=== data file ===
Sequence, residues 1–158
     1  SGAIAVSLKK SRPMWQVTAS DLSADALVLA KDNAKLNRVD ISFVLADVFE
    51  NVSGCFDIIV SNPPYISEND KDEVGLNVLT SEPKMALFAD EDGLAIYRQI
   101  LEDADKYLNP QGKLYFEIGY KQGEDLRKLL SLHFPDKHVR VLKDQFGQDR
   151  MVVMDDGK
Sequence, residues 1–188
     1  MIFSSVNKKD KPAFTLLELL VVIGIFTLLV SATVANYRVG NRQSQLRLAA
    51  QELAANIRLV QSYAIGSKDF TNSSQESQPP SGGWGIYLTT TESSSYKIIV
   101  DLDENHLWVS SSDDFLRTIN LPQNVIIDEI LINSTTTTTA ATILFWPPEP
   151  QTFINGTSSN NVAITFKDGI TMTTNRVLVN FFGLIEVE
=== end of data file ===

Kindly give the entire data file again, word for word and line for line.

Sequence, residues 1–158
     1  SGAIAVSLKK SRPMWQVTAS DLSADALVLA KDNAKLNRVD ISFVLADVFE
    51  NVSGCFDIIV SNPPYISEND KDEVGLNVLT SEPKMALFAD EDGLAIYRQI
   101  LEDADKYLNP QGKLYFEIGY KQGEDLRKLL SLHFPDKHVR VLKDQFGQDR
   151  MVVMDDGK
Sequence, residues 1–188
     1  MIFSSVNKKD KPAFTLLELL VVIGIFTLLV SATVANYRVG NRQSQLRLAA
    51  QELAANIRLV QSYAIGSKDF TNSSQESQPP SGGWGIYLTT TESSSYKIIV
   101  DLDENHLWVS SSDDFLRTIN LPQNVIIDEI LINSTTTTTA ATILFWPPEP
   151  QTFINGTSSN NVAITFKDGI TMTTNRVLVN FFGLIEVE